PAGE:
This morning I was thinking about what I wanted to write about next, and the idea of patience kept swirling around in my mind. Then I went to lunch at Royal T (an amazing art gallery/café) and was seated next to this piece by Sam Durant:
So here goes on patience…
I have none.
Just ask my husband. I want it all TODAY. I am the least patient person I know. I live my entire life in one day. That’s not an exaggeration. And I actually don’t think there is anything wrong with that. I kind of like that about myself.
However, there is much to be learned – and even enjoyed – in the pursuit of patience (at least that’s what they tell me).
This is why the garden and I are such good friends: because the soil needs to cultivate plants and love, and I need to cultivate patience. We are a good match.
I think of my front yard. When I moved in eight years ago, it was nothing but 1000 square feet of sod. I took every last blade of grass out (plus three inches of soil) and slowly, over time, have created a little mini-tapestry of flowers, shrubs, fruit trees, aloes, agaves, roses, lavender and sage.
This did not happen overnight. Not by a long shot. After taking out all the grass (a huge project on its own), the small hillside looked totally naked. Then I set about choosing the right plants. The pick axing of the soil and shopping for plants is easy for me. It’s the patience to see my vision come to fruition that in the past has eluded me.
But guess what…in a garden, there is no other option.
I cannot plant a Meyer lemon tree and insist that the next day it be bursting with fruit. I cannot plant a bare root rose and expect that next week I’ll have a fragrant centerpiece on my table. I cannot plant a baby oak tree and expect that next year I’ll be sleeping under its immense branches. Yes, these things are coming (they are never not coming!). But to know them in my heart before I get to experience them in real life is no less real or pleasurable, it’s just a different way of knowing that kind of beauty.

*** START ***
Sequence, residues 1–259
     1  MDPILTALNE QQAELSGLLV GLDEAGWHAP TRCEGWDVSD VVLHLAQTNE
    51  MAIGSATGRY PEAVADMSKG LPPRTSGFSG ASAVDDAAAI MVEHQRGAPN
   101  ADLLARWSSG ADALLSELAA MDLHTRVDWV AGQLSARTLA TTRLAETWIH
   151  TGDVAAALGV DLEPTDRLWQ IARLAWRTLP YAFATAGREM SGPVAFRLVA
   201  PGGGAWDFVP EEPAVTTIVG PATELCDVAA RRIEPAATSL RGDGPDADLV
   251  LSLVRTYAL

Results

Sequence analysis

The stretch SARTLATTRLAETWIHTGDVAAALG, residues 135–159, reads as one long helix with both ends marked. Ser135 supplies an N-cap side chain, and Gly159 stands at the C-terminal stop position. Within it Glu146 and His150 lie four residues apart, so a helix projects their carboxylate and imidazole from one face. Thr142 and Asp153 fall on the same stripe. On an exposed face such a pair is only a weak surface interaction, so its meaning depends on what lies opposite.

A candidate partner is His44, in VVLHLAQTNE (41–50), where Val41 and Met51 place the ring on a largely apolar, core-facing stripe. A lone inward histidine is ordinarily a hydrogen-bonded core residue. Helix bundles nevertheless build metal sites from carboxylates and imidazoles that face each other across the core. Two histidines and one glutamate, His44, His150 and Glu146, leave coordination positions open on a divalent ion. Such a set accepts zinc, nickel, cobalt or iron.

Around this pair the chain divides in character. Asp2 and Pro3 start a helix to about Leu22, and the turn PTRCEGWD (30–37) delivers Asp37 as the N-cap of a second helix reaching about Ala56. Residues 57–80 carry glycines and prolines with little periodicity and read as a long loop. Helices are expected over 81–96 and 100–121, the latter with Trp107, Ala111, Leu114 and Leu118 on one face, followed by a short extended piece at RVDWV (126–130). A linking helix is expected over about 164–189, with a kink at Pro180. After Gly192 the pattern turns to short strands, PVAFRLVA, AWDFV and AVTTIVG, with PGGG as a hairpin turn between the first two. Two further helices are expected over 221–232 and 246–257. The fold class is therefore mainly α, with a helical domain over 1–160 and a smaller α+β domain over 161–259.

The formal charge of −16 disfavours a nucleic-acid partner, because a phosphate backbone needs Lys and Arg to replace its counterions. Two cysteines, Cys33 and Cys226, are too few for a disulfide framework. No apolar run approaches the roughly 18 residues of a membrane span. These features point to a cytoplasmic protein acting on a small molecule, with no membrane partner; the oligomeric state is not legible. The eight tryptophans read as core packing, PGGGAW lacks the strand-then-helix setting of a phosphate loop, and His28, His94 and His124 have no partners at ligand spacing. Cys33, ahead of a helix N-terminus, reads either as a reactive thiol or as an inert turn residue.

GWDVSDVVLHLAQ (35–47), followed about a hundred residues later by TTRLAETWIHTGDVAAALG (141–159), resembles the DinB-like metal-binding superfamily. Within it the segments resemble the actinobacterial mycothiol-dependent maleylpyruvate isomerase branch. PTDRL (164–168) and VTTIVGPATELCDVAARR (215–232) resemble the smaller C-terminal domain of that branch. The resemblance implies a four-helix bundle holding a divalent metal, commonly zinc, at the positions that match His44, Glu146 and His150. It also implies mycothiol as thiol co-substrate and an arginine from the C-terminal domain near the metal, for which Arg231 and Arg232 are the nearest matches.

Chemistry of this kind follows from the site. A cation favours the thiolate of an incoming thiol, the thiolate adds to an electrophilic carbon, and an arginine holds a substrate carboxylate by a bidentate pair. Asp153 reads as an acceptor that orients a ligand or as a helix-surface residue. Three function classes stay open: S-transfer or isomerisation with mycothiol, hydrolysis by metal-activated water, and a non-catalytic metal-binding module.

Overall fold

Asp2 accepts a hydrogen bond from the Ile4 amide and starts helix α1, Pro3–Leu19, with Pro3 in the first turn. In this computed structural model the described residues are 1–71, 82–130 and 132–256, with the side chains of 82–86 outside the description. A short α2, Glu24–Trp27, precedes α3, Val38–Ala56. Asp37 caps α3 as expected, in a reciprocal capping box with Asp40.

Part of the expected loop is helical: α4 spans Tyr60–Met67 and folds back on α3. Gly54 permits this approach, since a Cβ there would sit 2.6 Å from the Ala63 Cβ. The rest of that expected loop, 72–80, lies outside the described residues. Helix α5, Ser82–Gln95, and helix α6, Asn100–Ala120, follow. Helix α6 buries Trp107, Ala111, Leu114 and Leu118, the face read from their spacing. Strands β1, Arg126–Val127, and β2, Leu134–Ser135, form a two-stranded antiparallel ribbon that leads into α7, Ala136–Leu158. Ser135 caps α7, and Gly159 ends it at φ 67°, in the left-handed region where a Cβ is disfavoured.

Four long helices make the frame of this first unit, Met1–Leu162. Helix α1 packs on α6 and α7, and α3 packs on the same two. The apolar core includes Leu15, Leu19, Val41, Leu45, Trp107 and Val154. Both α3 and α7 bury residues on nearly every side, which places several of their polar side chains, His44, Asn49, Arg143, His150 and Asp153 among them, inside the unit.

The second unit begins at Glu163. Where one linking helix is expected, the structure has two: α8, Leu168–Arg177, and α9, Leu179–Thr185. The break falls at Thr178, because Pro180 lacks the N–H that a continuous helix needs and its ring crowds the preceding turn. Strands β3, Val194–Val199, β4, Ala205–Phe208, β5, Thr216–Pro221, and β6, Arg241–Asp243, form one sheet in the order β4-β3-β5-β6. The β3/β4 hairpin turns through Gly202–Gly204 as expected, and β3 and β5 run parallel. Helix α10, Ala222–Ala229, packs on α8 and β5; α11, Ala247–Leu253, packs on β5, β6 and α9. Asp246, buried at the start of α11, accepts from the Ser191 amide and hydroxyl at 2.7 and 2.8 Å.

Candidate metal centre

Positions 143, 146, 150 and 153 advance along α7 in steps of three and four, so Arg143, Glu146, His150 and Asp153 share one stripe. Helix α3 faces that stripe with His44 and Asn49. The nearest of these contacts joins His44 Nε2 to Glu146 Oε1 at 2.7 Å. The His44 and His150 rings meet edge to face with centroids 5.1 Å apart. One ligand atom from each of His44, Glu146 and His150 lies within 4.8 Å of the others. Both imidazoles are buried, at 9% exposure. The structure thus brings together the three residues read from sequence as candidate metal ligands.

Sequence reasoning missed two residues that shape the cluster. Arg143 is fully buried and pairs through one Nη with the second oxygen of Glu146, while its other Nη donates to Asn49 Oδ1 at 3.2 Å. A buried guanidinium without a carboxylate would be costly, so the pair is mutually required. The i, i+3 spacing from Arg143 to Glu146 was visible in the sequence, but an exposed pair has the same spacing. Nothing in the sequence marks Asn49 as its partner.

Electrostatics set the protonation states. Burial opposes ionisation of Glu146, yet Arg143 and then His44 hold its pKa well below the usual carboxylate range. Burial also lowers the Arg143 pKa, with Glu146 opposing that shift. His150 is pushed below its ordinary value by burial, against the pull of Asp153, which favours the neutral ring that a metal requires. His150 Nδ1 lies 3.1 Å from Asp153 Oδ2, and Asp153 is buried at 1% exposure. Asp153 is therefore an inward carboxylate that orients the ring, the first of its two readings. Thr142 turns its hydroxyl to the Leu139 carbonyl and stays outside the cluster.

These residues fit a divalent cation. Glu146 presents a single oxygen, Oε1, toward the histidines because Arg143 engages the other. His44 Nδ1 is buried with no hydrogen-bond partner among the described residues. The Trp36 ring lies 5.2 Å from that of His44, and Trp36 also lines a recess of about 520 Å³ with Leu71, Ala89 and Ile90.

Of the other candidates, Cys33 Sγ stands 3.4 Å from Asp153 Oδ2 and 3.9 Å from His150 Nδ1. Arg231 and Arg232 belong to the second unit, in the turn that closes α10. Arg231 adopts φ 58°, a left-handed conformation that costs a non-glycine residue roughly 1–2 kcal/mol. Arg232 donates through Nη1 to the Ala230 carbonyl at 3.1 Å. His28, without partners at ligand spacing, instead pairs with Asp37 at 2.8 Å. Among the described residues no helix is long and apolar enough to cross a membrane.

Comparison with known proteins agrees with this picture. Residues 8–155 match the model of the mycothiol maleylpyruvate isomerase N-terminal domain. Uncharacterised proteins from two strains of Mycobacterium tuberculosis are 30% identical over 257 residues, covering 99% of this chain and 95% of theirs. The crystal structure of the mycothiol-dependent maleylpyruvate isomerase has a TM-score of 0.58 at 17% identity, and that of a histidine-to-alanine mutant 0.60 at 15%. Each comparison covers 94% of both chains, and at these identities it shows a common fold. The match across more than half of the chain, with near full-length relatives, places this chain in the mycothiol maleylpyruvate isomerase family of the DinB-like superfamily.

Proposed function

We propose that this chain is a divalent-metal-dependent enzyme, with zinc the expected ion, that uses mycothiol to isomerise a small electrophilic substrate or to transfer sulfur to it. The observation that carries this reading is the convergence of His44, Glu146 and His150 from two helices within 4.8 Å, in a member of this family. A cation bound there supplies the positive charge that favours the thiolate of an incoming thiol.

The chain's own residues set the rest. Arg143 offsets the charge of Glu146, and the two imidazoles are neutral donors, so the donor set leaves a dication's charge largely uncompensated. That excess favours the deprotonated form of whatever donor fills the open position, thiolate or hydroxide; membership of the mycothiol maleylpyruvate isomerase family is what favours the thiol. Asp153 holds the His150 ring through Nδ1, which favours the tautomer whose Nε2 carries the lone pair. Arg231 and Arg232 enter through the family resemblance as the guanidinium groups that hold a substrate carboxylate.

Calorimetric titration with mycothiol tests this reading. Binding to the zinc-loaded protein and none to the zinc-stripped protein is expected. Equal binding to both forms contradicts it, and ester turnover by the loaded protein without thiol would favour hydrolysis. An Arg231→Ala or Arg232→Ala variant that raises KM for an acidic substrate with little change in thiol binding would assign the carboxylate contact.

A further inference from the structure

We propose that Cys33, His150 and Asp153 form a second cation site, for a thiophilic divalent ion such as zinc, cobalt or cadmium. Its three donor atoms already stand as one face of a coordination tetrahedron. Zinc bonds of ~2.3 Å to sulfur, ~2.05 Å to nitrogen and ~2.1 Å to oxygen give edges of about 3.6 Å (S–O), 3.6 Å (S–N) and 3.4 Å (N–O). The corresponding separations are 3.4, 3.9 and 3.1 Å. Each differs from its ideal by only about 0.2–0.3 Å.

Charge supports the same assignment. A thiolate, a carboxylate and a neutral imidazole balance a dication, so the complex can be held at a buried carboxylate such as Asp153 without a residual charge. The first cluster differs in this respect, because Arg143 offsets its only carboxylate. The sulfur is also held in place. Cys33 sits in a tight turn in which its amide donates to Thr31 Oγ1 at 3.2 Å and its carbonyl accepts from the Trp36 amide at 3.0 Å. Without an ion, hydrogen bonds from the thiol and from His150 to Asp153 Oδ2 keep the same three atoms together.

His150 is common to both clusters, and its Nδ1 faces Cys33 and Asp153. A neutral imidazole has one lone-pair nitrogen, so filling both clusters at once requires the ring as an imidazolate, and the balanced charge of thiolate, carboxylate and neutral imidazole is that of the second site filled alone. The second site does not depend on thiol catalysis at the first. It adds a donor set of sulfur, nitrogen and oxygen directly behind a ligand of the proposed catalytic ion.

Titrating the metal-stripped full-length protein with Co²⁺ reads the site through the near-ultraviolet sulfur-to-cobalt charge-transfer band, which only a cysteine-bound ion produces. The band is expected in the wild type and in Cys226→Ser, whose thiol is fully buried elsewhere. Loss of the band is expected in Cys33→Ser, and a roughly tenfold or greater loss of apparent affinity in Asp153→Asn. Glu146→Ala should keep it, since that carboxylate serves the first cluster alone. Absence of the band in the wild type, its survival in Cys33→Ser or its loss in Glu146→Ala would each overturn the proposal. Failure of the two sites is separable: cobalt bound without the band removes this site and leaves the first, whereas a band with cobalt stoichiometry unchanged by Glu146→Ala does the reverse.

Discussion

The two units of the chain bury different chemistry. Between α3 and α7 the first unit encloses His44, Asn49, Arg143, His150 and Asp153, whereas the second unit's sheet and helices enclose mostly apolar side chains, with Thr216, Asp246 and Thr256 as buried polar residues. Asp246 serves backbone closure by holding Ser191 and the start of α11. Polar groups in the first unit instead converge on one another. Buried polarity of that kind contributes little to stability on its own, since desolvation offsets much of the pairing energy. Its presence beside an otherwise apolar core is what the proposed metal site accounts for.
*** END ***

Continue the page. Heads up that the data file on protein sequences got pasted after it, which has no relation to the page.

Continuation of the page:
These are not concepts I’m reading about in a book. It’s not an article on the web. It’s not a $200 therapy session.
It’s Real Life happening right before my eyes. This is what’s true. It’s not conceptual. Just look outside in your front or back yard.
And what’s my alternative? I want the fruit. I want the flowers. I want the shade of an oak. Who am I to demand that they hurry up? How presumptuous. Why do I think I know better or have more rights that Mother Nature herself!
Thankfully, She is always a gentle teacher. Because She knows I want the immense gifts she has to offer, but I have to do it on her time table. And guess what? I’m learning to enjoy the space in between. In between what I want and when I get it. Watching spring’s first buds. Clearing out the old dead leaves. Even hacking back the roses to mere sticks each winter is less painful for me. It’s the journey, not the destination, or so they say. (ps – you know there is no destination, only the journey, right? Just checking).
The garden teaches me that all of this is ultimately for the best. All Of It. The entire cycle. The immense growth and beauty, and the time to go into the darkness, and everything in between. It’s all ok, because it’s all necessary.
One of my favorite quotes from Apocalypse Now is: “Don’t get out of the boat unless you’re going all the way.”
Mother Nature goes all the way every day. She deals with everything, all the time. In the garden there can be too much rain, or too little rain, bug infestations, critters who steal the fruits, humans who steal the flowers. And every day the garden gives its best, under the best or worst conditions.
That’s my intention, too. To offer and receive Life to the fullest regardless of the challenges or limits put on me. Once you make peace with the fact that challenges are natural, it lets you inhabit what you have, not what you don’t have. You cannot stop the flow of the water – it will always find a way – it’s up to us how difficult we want to make it.
And as I sit here and ponder all of this, the garden just does its thing, without question or worry. Which is a reminder for me to do the same, cultivating patience along the way, and enjoying the fruits that come from it, today, tomorrow, twenty years from now or even ‘just’ in my heart.